Thursday, July 30, 2009
SCANDINAVIAN GENDER ROLES
By Yvonne Bekeny in Finland
Gender equality in the Scandinavian countries is a given and manifest reality in almost all aspects of socio-political and economic life in that part of Europe. Family policies are gender sensitive oriented and parenthood policies are instituted such that gender relations are significant at least on the symbolic level. The extent to which this happens in actual sharing of tasks between mothers and fathers is still a question to be researched? Child rights including the rights to provision and care by both parents have been instituted. Scandinavian policies have undergone changes over the years to ensure fathers opportunities to take care of their families (Eydal, B. 2008). Although the mother is ‘the primary parent…the father can be a visiting care assistant’ (Lammi-Taskula in Ellingsater & Leira, 2006). Transferring part of parental leave is negotiated by the parents with no explicit suggestion to change the status-quo of gender relations. The mother’s primacy in childcare remains unchanged. Norway, Sweden and Iceland, have a more clear-cut orientation in promoting father care and roles sharing between women and men in infant care. Lammi-Taskula states tht ‘Finland and Denmark on the other hand have vague positions in striving for gender equality in promoting father care’ (Lammi-Taskula in Ellingsater & Leira, 2006). Fathers take only a small portion of the whole parental leave period in all Scandinavian countries. Nonetheless, these gender balanced duties seem to be conditioned by socio-economic factors in the countries rather than by policy claims. There is a variation within the countries themselves and within the nature of employees; white-collar, blue-collar, minority, well-educated parents all have different views about sharing of duties equally over childcare. Lammi-Taskula maintains that “for large numbers of Nordic parents, unverified assumptions…about economic consequences of equal sharing of parental leave as well as cultural conceptions of gender and parenthood, especially motherhood, hamper negotiations both in the family and in the work place. Unreflected, unequal gender relations are naturalised and remain unchallenged” (Lammi-Taskalu in Ellingsater 2006).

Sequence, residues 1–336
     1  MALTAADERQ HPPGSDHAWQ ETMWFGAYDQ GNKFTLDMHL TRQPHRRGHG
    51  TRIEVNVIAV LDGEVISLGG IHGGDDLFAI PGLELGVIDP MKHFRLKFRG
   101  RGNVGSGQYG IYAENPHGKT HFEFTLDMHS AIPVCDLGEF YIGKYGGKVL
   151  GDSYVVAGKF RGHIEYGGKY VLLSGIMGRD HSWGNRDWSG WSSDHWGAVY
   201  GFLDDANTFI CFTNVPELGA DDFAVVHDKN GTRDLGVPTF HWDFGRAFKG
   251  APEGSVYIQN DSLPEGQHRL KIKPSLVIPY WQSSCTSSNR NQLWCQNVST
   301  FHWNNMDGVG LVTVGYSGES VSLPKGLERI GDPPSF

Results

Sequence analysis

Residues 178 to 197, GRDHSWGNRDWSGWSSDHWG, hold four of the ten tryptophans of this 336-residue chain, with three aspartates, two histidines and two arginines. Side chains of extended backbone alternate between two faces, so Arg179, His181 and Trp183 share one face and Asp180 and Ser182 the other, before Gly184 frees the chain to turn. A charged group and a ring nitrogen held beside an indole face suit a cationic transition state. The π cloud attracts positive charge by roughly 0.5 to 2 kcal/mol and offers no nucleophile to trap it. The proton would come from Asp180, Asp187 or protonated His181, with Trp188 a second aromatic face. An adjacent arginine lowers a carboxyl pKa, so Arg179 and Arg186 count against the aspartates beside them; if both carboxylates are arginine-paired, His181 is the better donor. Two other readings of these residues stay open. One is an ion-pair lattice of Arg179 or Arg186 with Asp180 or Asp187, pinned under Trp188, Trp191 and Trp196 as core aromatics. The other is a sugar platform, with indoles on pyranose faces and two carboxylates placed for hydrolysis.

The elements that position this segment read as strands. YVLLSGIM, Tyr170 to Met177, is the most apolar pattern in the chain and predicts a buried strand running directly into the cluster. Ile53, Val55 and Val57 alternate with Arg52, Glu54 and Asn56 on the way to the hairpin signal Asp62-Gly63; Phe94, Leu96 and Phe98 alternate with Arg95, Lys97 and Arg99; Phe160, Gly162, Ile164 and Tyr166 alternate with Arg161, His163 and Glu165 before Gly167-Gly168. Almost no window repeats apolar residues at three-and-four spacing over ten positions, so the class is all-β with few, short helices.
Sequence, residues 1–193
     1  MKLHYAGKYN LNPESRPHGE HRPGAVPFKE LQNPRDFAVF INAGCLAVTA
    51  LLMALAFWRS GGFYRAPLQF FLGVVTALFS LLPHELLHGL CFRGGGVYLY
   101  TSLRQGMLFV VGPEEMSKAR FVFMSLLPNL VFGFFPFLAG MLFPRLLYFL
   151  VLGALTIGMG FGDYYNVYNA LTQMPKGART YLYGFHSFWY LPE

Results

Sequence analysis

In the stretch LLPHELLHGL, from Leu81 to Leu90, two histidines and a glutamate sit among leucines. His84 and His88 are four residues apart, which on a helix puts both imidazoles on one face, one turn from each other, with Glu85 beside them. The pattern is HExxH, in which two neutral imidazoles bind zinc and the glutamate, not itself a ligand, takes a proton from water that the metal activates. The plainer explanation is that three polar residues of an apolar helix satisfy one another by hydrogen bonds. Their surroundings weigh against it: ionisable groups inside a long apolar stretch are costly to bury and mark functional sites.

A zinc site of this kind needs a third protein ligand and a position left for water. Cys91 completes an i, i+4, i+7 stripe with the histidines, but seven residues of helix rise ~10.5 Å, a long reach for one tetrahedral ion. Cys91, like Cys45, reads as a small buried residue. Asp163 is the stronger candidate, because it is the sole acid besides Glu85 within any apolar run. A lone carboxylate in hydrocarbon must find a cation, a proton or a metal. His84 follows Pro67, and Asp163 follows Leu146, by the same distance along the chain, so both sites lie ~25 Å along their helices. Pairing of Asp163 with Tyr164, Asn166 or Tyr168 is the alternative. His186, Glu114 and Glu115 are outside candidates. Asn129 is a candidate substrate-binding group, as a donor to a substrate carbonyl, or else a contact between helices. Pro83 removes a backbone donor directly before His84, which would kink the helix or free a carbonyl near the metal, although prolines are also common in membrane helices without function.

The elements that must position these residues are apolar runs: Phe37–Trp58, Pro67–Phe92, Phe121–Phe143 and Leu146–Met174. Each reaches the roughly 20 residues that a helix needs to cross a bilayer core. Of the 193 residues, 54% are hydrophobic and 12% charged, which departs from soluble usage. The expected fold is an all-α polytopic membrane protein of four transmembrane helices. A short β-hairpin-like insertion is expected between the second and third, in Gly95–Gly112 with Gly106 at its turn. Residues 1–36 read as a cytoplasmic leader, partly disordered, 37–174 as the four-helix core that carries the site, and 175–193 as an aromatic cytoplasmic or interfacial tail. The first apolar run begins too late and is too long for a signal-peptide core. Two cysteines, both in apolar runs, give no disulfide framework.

These observations raise questions of the nature and limits to gender equality that the Scandinavian countries can declare. This idea is even more illustrated in the Norwegian context where parental leave arrangements are usually classified as policies enhancing gender equality. However, parental leave can be ambiguous with regard to gender equality objective, both regarding policy rationale and policy impact (Ellingsater in Ellingsater & Leira 2006). National variations of parental leave arrangements actually reflect different purposes, and generally are geared towards encouraging women to stay at home and promoting gender equality by supporting mother’s employment rather than shared responsibility in childcare. This idea is further substantiated by Boje (2006) who posits that even if mothers in all Scandinavian countries have taken up employment in large numbers, the traditionally gendered pattern of responsibility for child care remains in the large majority of families. In his article, he observes that although Denmark and Sweden seem to have the most equal division of caring responsibilities, even ‘the strong political commitment to equality has not fundamentally changed the gendered division of childcare. ‘Progressive and women friendly policies concerning work and family might modify the prevailing gender order but more profound changes can only be accomplished through comprehensive changes in norms and values concerning gender roles ( Boje in Ellingsater & Leira, 2006). Hence, looking at the above analysis it can be said that the question of gender roles in childcare in the Scandinavia is almost still a myth and in as much as the state would want to achieve gender equality in almost all spheres of life, the issue of gender equality in childcare is still a challenge to these states. Eydal (2008) remarks that if this myth could become a reality pretty soon, the new generation of children born in the family where both parents take care of children, will be the ones to break the vicious cycle of gender inequality.